Self-stigma in psychotic disorders: Clinical, cognitive, and functional correlates in a diverse sample

Marcelo L. Schwarzbold, Robert S. Kern, Derek M. Novacek, Jessica E. McGovern, Lauren T. Catalano, Michael F. Green

Research output: Contribution to journalArticlepeer-review

9 Scopus citations


Self-stigma in mental illness is linked to negative clinical and functional outcomes, but little is known about its correlates specifically in psychotic disorders. Here we investigated the role of clinical symptoms, cognition, and vocational status as correlates of self-stigma in 98 individuals with psychotic disorders (36 Black American, 32 White Hispanic, 11 White Non-Hispanic, 11 Asian American). A principal component analysis of the Internalized Stigma of Mental Illness scale yielded three components: Experiential Stigma, Stereotype Endorsement, and Stigma Resistance. Higher Experiential Stigma was associated with greater severity of affective symptoms and lower vocational status. Higher Stigma Resistance was associated with higher social and non-social cognition, and higher vocational status. Stereotype Endorsement did not significantly correlate with any predictor variable. Linear regression models showed that 13% of the variance in Experiential Stigma was explained by affective symptoms and vocational status, and 20% of the variance in Stigma Resistance was explained by non-social cognition and vocational status. These findings provide new information about the correlates of self-stigma in an ethnically and racially diverse psychotic disorder sample. Such information may lead to a better understanding of self-stigma mechanisms in this population.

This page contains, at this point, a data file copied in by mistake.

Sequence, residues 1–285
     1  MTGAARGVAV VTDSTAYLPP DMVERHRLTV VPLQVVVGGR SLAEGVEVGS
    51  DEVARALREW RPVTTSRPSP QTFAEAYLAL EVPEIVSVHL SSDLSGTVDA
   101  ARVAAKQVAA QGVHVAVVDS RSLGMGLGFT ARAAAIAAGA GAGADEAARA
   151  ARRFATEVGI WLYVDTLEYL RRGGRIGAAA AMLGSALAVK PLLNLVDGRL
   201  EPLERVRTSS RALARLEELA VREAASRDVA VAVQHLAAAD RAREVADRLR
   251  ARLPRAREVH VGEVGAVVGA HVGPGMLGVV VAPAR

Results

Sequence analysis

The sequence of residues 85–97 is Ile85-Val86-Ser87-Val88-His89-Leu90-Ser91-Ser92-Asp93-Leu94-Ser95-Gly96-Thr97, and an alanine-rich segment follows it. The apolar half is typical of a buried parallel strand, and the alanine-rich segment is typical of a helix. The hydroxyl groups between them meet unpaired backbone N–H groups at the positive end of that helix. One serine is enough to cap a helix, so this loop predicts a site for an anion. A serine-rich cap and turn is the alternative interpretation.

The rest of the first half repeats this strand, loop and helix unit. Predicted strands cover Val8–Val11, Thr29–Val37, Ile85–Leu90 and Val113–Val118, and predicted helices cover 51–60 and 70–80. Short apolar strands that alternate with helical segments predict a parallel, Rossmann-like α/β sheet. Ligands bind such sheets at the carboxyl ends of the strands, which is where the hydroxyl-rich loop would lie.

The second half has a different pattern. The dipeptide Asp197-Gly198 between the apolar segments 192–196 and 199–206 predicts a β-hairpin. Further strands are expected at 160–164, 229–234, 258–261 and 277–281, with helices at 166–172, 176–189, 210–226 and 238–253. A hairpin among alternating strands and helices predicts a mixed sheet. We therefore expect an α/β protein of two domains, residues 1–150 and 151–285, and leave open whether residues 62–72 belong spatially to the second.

Original languageEnglish
Pages (from-to)145-150
Number of pages6
JournalSchizophrenia Research
StatePublished - Feb 2021
Externally publishedYes

Bibliographical note

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© 2020 Elsevier B.V.


  • Internalized stigma
  • Non-social cognition
  • Schizophrenia
  • Social cognition
  • Stigma resistance
  • Vocational status


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